Now we have our hands on both, side-by side, we’ve lined them up for a detailed comparison ahead of some real-world testing.
Here’s the short version:
- They’re practically the same under the skin and in use.
- The Vodafone device is quite a bit bigger, but looks smart and feels sturdier. It has a slightly smaller battery but supports 2G and 3G.
- The Three device is cheaper, has some nice usability refinements for consumers, but only operates on 3G.
The long version’s after the jump…
Right… on with the details…
The Vodafone device is a bit of a monster… The devices are practically the same thickness (12mm Vodafone, 10.5mm Three) but the Vodafone one is taller and wider than the Three one by 4mm and 13.5mm respectively. The Three device is very close to being covered by a credit-card. The Vodafone one sticks out on all sides.
They both weigh 90g.
The Three device screen looks larger as it’s covered by a bigger piece of plastic than the Vodafone unit, but this is misleading. The actual display underneath is identical to, although the Vodafone one is set to be read portrait, where as the Three one displays in landscape. Both operators’ logos display the same ‘dissolve’ animation on start-up, are set to the same time-out too and display the same icons for most key indicators.
The Three button stays on the side, where it was on the original MiFi, although it glows green when the device is on now. The Vodafone device is controlled by sliding a plate on the top of the device up towards the screen – the exposed area pulses red whilst on.
Both devices can take a micro-SDHC memory cards up to 32GB for storing and sharing files between connected users. The Vodafone device provides a slot next to the battery under the back cover, but the Three device offers a slot on the side of the unit.
Both offer stickers showing the default network name and key inside. Perhaps learning from the original MiFi which obscured this information under the battery, Three have duplicated it on the inside of the battery cover and on a ‘keep-sake’ card as well.
The battery on the Vodafone device only occupies a little over half the back of the device so it’s sticker is visible just by removing the cover.
Three use a HB4F1 providing 1500mAh / 5.6Wh which is exactly the same as their original MiFi. Vodafone use a slightly smaller HB7A1H providing 1400mAh / 5.2Wh.
Vodafone promote ‘up to 4 hours’ of use from the battery. Three claim ‘up to 4 and a half’ hours for their unit. Both can charge in-use (unlike the Three’s original).
Chargers & Cables
Unsurprisingly they’re identical. Three’s is black. Vodafone’s is white. They both offer a charging brick and long USB cable with micro-USB plug for use with the power brick or a computer. Three also give you a short one too.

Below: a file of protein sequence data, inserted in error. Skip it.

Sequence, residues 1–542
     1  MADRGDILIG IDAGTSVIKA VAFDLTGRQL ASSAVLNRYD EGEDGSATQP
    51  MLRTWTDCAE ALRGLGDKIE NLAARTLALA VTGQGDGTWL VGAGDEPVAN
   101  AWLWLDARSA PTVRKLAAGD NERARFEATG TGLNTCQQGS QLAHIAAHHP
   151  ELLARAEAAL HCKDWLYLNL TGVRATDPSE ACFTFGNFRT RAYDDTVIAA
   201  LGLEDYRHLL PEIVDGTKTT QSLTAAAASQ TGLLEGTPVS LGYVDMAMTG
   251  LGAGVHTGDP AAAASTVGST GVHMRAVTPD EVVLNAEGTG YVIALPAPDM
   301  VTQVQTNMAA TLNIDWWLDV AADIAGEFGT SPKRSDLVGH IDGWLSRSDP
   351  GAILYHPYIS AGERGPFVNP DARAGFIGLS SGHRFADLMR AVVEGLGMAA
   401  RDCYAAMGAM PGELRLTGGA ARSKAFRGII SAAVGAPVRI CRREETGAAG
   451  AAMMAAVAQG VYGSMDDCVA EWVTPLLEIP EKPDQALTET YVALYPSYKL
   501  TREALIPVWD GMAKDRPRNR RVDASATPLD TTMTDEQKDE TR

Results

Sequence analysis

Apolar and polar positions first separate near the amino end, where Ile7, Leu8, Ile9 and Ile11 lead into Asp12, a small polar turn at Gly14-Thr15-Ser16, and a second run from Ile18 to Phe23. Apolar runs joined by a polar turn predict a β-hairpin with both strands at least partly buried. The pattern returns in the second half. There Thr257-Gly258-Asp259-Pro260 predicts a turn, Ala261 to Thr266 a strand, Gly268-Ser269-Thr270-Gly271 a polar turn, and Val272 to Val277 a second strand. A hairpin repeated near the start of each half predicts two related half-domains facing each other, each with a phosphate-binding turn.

Vodafone include a ‘quick start’ guide with images of the device and instructions for use. Three provide a similar book, but also provide extended information presented more graphically on a deck of cards. They also include screen-shots for connecting popular devices such as iPads and an explanation of what the available data allowances mean in typical usage.
Both devices operate up to HSDPA speeds (7.2Mbps downloads, although real performance will depend on network coverage and all the other usual factors) and provide 802.11b and g WiFi networks. Both devices are capable of 2G and 3G connections, but Three limit theirs to 3G only as they rely on a partner for 2G coverage which is expensive and so limited to handsets.
On the WiFi-front both support 5 connected devices – I had no problems using multiple devices on either and in ‘normal’ use there was no apparent performance degradation. Heavy downloading will obviously impact other users – this is something I’ll look at further in long-term testing.
The Vodafone device has an external WPS button to allow pairing ‘key-less’ pairing on supported devices (Windows Vista and 7 operating systems are specifically mentioned in the manual), but the Three device keeps its pre-configured WiFi key to numbers only making it simpler to enter on mobile devices than the Vodafone’s mix of numbers and characters.
Both devices are SIM-locked, but do support roaming on to other networks overseas if your account has roaming enabled. Having chewed through over 500MB of data in background updates by accident as I started this test I would urge caution using this type of device overseas – it’s a lot easier than a dongle to connect and forget about which could be… expensive.